• Laser therapy.
  • Acupuncture.
  • Electrotherapy.
  • Deep tendon friction massage.

PHYSIO THERAPY EXERCISES AND REHABILITATION:

Lateral epicondylitis treatment-1

 

Lateral epicondylitis treatment-2

  • Resisted wrist extension.
  • Resisted wrist flexion.
  • Resisted forearm supination and pronation.
  • Wrist flexor stretch.
  • Wrist extensor stretch.
  • Finger extension.
  • Hand squeeze.
  • Wrist range of motion: Bend your wrist forward and backward as far as you can. Repeat 10 times. Do 3 sets.
  • Forearm range of motion: With your elbow at your side and bent 90 degrees, bring your palm facing up and hold for 5 seconds then slowly turn your palm facing down and hold for 5 seconds. Repeat 10 times. Do 3 sets. Make sure you keep your elbow bent at 90 degrees throughout this exercise.
  • Elbow range of motion: Gently bring your palm up toward your shoulder and bend your elbow as far as you can. Then straighten your elbow out as far as you can. Repeat 10 times. Do 3 sets
  • Forearm pronation and supination: Hold a soup can or hammer handle in your hand, with your elbow bent 90 degrees. Slowly rotate your hand with palm upward and then palm down. Repeat 10 times. Do 3 sets.
  • Wrist extension: Stand up and hold a broom handle in both hands. With your arms at shoulder level, elbows straight and palms down, roll the broom handle backward in your hand as if you are reeling something in using the broom handle. Repeat for 1 minute and then rest. Do 3 sets.
  • Wrist strengthening:
  • (1) Wrist flexion: Holding a soup can or hammer handle with your palm up, slowly bend your wrist up. Slowly lower the weight and return to the starting position. Repeat 10 times. Do 3 sets. Gradually increase the weight of the can you are holding.
  • (2) Wrist extension: Holding a soup can or hammer handle with your palm down, gently bend your wrist up. Slowly lower the weight and return to the starting position. Repeat 10 times. Do 3 sets. Gradually increase the weight of the can you are holding.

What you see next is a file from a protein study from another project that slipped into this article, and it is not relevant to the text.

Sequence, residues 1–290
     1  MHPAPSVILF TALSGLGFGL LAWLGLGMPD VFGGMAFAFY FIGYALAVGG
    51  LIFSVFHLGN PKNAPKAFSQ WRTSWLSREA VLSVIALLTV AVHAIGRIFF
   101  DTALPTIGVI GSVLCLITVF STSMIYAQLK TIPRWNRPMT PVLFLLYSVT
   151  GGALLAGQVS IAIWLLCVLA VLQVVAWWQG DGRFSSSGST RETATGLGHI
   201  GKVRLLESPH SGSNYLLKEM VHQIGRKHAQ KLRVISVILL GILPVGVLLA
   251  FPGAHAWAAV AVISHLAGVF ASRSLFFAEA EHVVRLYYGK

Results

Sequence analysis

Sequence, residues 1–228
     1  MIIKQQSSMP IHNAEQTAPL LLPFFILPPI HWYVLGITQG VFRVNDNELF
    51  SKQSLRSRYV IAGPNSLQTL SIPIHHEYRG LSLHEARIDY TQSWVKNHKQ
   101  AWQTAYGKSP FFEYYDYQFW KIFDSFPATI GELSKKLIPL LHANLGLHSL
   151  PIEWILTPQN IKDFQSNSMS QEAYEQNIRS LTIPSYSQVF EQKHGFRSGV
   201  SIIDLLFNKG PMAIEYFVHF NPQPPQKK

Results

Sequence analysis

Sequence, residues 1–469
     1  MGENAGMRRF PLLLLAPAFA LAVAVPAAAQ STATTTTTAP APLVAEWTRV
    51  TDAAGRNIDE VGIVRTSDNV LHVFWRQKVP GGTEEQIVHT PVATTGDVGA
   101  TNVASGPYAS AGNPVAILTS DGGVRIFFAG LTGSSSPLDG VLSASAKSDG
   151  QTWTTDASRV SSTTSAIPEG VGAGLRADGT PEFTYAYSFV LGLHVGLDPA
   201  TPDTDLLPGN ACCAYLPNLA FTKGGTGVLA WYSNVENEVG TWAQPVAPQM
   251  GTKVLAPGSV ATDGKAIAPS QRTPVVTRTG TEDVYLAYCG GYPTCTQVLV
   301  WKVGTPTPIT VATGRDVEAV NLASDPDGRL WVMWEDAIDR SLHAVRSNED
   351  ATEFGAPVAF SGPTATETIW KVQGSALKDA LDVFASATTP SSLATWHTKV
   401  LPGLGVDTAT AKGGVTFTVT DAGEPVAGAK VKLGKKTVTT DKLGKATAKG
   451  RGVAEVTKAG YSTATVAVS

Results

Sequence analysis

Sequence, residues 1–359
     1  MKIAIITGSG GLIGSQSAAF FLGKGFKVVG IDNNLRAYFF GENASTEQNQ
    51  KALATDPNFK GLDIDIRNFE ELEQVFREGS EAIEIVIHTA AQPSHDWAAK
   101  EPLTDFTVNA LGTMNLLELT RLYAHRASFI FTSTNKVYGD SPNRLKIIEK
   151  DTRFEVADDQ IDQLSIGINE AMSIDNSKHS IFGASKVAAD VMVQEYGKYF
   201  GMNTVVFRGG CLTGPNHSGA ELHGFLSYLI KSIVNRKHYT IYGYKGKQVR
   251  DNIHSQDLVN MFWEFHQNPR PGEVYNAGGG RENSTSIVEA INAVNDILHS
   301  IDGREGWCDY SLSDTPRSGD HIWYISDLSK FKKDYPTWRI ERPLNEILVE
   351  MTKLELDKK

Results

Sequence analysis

• (3) Wrist radial deviation: Hold your wrist in the sideways position with your thumb up. Holding a can of soup or hammer handle, gently bend your wrist up with your thumb reaching towards the ceiling. Slowly lower to the starting position. Do not move your forearm throughout this exercise. Repeat 10 times. Do 3 sets.
  • Elbow rehabilitation program:
  • A gradual progression of the exercises is extremely important. Although they may seem easy at first you must follow the enclosed steps closely to prevent an increase or re-aggravation of your symptoms.
  • Before beginning the strengthening exercises you should warm-up your body to a light sweat. Try 3 to 5 minutes of brisk walking, cycling, jogging etc.
  • Do exercises only once a day: more is not better and can re-aggravate your symptoms. Wear the Counter-Force brace if advised by your therapist or if you experience pain while performing the exercises. Do each exercise at its own rate. You will achieve higher weights faster on some exercises than others. Do each exercise properly and slowly do not work through peavierain.
  • Stage 1 exercises:
  • Keep your elbow bent to 90 degrees. If this is  painful lean forward and bend your elbow even more. Your forearm should be well supported on your thigh or a table.
  • Begin with no weight, doing 10 to 15 repetitions for each exercise.
  • Slowly progress the repetitions in sets of 10, every few days as your elbow allows until you are comfortably doing 3 sets of 10 repetitions for 2 consecutive days without increasing your symptoms.
  • Increase to a one-pound weight (a small can of soup works well). Go back to 10 to 15 repetitions for each exercise.
  • Slowly work up to 3 sets of 10 repetitions again.
  • Increase to a two-pound weight and again cut back to 10 to 15 repetitions.
  • Slowly progress to  3 sets of 10 repetitions.
  • Continue this gradual progression until you are using a three-pound weight for 3 sets of 10 repetitions without increasing your symptoms.
  • Progress to next stage as able.
  • Stage 2 exercises:
  • Rubber band and squeeze exercises:
  • Begin with your elbow bent at your side and progress by performing the exercises with your arm straight out in front of you as able. You should do these two exercises several times a day, every day. It is a good idea to have a ball and rubber band in convenient places like in your car, at your desk, or by the television. Be careful not to overdo these exercises as they can increase your pain.
  • Ice after exercises.